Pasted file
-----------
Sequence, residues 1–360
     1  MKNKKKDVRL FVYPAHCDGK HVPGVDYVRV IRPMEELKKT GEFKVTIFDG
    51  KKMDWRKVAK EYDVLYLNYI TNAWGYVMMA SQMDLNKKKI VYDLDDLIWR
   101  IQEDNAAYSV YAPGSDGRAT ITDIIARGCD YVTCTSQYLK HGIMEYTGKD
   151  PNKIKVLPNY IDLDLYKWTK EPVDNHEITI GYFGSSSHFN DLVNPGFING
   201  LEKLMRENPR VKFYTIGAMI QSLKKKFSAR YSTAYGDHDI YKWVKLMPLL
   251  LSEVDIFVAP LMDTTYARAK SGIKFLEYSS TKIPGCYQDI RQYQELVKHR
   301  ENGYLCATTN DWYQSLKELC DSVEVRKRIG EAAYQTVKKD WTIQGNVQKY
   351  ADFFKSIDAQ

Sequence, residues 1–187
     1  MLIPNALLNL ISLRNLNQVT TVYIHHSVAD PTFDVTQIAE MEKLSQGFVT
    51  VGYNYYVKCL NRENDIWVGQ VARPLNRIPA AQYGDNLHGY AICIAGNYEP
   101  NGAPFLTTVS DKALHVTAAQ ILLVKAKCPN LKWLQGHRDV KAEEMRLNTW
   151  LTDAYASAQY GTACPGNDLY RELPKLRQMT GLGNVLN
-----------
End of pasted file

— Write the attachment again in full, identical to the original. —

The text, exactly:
Sequence, residues 1–360
     1  MKNKKKDVRL FVYPAHCDGK HVPGVDYVRV IRPMEELKKT GEFKVTIFDG
    51  KKMDWRKVAK EYDVLYLNYI TNAWGYVMMA SQMDLNKKKI VYDLDDLIWR
   101  IQEDNAAYSV YAPGSDGRAT ITDIIARGCD YVTCTSQYLK HGIMEYTGKD
   151  PNKIKVLPNY IDLDLYKWTK EPVDNHEITI GYFGSSSHFN DLVNPGFING
   201  LEKLMRENPR VKFYTIGAMI QSLKKKFSAR YSTAYGDHDI YKWVKLMPLL
   251  LSEVDIFVAP LMDTTYARAK SGIKFLEYSS TKIPGCYQDI RQYQELVKHR
   301  ENGYLCATTN DWYQSLKELC DSVEVRKRIG EAAYQTVKKD WTIQGNVQKY
   351  ADFFKSIDAQ

Sequence, residues 1–187
     1  MLIPNALLNL ISLRNLNQVT TVYIHHSVAD PTFDVTQIAE MEKLSQGFVT
    51  VGYNYYVKCL NRENDIWVGQ VARPLNRIPA AQYGDNLHGY AICIAGNYEP
   101  NGAPFLTTVS DKALHVTAAQ ILLVKAKCPN LKWLQGHRDV KAEEMRLNTW
   151  LTDAYASAQY GTACPGNDLY RELPKLRQMT GLGNVLN